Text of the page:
• Powers: If `A` is a MathArray, then `A^k` will always raise an error unless

• `A` is a square matrix, and
• `k` is an integer.

In this case, `A^k` is equivalent to:

• `k` repeated multiplications of `A` if `k > 0`,
• `(inverse of A)^|k|` if `k < 0`, and
• the identity matrix if `k=0`.

Note: Negative exponents can give students "too much power". For example, if you want students to enter the inverse of `[[1, 2], [3, 4]]`, you probably want them to enter `[[-2, 1], [1.5, -0.5]]` rather than `[[1, 2], [3, 4]]^-1`. To this end, you can disable negative powers in MatrixGrader problems by setting `negative_powers=False`.

### A Note About Vectors #

Vectors are distinct from single-row matrices and single-column matrices, and can be left- or right-multiplied by a matrix:

``````>>> vec = MathArray([1, 2, 3])
>>> row = MathArray([[1, 2, 3]])
>>> col = MathArray([, , ])
>>> try:
...     vec + row # raises error
... except StudentFacingError as error:
...     print(error)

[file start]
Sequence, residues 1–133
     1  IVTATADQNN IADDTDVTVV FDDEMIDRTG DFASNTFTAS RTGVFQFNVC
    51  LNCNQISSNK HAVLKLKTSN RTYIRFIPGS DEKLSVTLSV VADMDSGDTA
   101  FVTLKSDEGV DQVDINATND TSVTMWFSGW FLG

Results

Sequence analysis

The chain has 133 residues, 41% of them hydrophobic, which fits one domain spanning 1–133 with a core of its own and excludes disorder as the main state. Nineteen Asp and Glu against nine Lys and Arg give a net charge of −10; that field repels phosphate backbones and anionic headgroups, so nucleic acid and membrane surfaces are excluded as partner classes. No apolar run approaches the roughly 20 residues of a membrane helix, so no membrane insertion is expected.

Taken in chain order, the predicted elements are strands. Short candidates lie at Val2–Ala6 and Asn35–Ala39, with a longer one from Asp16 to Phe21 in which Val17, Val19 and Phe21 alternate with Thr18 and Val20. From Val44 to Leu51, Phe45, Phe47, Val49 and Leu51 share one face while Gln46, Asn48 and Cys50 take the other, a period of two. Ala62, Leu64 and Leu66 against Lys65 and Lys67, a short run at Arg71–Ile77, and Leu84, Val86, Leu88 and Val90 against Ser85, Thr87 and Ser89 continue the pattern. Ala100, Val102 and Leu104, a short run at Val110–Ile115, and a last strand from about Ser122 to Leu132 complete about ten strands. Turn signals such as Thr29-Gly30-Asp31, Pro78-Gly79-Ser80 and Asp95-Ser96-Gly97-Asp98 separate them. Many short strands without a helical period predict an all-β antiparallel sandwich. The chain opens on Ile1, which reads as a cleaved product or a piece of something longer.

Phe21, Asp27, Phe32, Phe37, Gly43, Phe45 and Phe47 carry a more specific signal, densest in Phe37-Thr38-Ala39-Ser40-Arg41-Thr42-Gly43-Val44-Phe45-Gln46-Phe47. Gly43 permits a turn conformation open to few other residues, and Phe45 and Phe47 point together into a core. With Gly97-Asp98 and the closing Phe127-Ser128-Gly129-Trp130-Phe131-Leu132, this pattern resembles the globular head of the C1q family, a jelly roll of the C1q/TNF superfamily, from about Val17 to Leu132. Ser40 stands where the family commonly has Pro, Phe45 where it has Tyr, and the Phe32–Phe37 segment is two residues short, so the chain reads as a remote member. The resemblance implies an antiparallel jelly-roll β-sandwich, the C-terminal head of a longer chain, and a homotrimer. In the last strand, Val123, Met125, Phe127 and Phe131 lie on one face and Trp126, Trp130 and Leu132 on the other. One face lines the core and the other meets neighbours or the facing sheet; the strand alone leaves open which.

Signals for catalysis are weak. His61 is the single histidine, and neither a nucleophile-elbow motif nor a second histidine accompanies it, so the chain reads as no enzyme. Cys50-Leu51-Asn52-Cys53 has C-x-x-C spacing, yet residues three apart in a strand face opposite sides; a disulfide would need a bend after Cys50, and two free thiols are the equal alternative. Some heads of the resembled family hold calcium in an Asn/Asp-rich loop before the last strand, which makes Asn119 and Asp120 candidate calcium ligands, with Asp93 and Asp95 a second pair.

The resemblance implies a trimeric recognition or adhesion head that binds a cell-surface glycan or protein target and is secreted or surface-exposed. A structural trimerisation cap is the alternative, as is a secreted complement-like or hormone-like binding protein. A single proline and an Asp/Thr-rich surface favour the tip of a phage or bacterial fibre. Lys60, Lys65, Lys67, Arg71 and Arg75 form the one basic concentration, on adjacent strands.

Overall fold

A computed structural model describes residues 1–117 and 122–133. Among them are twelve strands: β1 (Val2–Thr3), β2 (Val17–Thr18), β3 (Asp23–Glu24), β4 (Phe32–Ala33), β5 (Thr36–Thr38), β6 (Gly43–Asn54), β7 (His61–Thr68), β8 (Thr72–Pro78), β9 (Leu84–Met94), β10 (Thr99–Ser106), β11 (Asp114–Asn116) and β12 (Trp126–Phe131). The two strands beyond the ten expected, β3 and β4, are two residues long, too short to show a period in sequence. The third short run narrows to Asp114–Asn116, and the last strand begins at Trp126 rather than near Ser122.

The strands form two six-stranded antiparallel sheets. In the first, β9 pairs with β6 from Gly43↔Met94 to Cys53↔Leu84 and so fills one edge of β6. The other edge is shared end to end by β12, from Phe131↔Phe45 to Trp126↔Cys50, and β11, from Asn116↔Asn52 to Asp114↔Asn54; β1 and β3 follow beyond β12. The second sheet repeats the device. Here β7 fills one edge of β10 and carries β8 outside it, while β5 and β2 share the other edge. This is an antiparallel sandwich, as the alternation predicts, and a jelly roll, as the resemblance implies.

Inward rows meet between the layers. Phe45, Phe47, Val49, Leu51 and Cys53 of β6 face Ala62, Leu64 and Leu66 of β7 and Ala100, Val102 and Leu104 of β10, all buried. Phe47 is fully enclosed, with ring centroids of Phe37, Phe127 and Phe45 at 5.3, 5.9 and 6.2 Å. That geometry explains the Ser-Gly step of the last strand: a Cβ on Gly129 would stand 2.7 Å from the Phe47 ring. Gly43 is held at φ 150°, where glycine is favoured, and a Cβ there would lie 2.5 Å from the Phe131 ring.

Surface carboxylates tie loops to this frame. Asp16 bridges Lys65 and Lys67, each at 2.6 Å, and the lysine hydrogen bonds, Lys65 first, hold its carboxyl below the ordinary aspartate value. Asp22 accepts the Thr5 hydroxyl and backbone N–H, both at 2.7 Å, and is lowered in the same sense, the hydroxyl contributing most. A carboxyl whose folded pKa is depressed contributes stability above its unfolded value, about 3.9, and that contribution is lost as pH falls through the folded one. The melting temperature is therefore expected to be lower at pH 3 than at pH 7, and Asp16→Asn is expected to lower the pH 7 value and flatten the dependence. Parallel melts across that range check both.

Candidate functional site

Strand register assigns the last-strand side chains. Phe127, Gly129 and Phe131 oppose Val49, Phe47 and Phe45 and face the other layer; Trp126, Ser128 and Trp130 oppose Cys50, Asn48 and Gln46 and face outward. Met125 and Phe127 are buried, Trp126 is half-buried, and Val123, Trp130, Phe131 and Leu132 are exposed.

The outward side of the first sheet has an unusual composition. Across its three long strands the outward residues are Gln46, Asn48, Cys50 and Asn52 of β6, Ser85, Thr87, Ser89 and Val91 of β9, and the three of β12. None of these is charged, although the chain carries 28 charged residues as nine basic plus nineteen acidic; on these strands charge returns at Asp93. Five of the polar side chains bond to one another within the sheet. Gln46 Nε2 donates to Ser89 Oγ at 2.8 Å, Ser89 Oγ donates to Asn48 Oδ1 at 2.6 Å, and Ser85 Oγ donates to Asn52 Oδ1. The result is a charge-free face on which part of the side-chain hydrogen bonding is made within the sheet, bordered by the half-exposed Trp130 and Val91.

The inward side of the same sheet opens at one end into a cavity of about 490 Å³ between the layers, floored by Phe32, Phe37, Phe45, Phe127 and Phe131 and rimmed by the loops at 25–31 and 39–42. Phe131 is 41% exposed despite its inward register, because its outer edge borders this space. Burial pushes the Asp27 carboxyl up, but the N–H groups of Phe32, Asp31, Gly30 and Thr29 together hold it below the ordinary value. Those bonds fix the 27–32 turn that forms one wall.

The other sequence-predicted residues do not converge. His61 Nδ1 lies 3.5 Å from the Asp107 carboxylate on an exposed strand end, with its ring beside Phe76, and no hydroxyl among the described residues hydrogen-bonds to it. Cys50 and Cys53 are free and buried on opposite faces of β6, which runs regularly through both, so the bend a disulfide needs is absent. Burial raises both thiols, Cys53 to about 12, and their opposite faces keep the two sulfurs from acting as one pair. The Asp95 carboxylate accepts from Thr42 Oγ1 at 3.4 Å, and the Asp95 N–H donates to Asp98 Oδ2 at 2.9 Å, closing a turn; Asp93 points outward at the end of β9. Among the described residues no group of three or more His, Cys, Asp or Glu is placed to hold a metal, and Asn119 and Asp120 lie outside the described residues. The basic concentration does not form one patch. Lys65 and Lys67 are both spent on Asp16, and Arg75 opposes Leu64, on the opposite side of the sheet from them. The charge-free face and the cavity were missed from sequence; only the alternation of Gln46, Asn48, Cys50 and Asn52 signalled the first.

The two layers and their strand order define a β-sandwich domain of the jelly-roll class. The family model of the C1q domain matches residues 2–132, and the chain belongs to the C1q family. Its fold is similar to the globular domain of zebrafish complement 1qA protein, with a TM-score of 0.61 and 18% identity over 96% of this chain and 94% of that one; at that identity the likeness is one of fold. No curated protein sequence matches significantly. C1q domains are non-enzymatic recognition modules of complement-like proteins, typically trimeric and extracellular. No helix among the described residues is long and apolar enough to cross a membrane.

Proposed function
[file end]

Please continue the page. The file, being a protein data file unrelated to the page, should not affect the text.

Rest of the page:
Cannot add/subtract a vector of length 3 with a matrix of shape (rows: 1, cols: 3).

>>> A = MathArray([[1, 2, 3], [4, 5, 6]])
>>> A * vec # matrix * vector
MathArray([14, 32])
>>> other_vec = MathArray([1, 2])
>>> other_vec * A # vector * matrix
MathArray([ 9, 12, 15])``````

We suggest avoiding single-column and single-row matrices.

### Shape Errors #

When operations cannot be performed because of shape-mismatch, MathArray raises readable `StudentFacingError`s. These error messages are intended to be presented directly to students. For example:

``````>>> A = MathArray([[1, 2], [3, 4], [5, 6]]) # matrix, shape (3, 2)
>>> B = MathArray([[1, 2], [3, 4]])         # matrix, shape (2, 2)